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John Cale - Stainless Gamelan: Inside the Dream Syndicate - Volume III (2002)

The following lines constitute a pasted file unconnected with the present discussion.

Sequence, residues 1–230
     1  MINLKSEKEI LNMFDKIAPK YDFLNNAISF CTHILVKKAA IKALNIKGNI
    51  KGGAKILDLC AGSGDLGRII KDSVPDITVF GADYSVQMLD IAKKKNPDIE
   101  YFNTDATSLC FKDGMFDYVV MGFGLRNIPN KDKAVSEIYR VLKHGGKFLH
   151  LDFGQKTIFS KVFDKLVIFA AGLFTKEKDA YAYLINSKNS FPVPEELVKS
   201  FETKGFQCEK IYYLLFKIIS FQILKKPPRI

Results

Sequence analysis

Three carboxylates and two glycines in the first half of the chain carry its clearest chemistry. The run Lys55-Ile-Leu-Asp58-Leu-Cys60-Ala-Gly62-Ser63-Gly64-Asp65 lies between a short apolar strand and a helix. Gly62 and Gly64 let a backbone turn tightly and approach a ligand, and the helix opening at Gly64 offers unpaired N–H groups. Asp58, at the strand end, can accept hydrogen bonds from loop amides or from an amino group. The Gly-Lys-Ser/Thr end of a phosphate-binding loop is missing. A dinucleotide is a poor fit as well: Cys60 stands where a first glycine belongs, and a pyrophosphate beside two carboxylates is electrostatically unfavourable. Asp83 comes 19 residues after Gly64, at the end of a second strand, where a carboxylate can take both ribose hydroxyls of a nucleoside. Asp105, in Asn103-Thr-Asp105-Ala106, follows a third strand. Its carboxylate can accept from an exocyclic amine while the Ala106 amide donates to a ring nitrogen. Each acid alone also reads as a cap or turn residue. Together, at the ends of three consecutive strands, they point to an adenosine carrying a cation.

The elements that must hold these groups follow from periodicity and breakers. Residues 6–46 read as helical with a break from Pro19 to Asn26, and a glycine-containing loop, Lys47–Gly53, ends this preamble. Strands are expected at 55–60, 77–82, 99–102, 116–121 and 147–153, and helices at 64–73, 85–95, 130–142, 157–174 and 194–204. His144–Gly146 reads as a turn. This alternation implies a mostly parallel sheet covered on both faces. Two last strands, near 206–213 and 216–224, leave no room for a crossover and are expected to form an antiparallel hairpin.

This third volume of the Inside the Dream Syndicate series is also the fourth to feature John Cale, his Sun Blindness music, recorded during the same period is somehow outside this series. As on volume two, this set features Cale in collaboration and solo with producer Tony Conrad (who owns these archive recordings), Sterling Morrison, his mate in the Velvet Underground, Terry Jennings, and Angus MacLise (oh yes, and the New York Fire Department). All of the pieces date from the early to mid-1960s. The set opens with the title cut, with Morrison and Cale performing on something called a "cembalett" (small cimbalom) and a fretless guitar. Here, as in many of the early minimalism pieces, the concentration was on modulation and pitch, here recumbent themes payer upon one another as a main pulse flows through the center of the mix. Various tonalities and timbres glint in and out of the musical body creating an entirely new set of sonorific pulses. On the album's longest work, "At About this Time, Mozart Was Dead and Joseph Conrad Was Sailing the Seven Seas Learning English," at nearly half an hour for wollensack, viola, and guitar, tape edits are sliced into the mix, altering whole tones and creating intervals out of seeming half and semi-quavers. Interestingly, since the notion of the piece is to move ever upward, these cuts seem to create intervals of modulation where there were none. There is also an awesome, fearsome piece between Cale and Conrad (who plays something called a "thunder machine") to accompany Cale's electric piano on "After the Locust." It feels like John Cage's early experiments with amplification combined with the dense aggressiveness of the Velvet Underground. The tape experiment with the Fire Department is akin to something Luc Ferrari would create in the late 1960s, and is interesting in that it gives nothing of its source material away in the mix. The piece with MacLise and Jennings, "Terry's Cha-Cha," is a lighthearted bit of musical misanthropy that has nothing whatsoever to do with minimalism, but everything to do with MacLise's later involvement in studying Eastern music. There is melody, harmony, and a sense of rhythm from MacLise that is otherworldly. Again, this is another revelatory chapter in a music from a bygone yet ever present era. Even today, this series of discs sounds more revolutionary, more forward thinking and looking than just about anything else. (amg)

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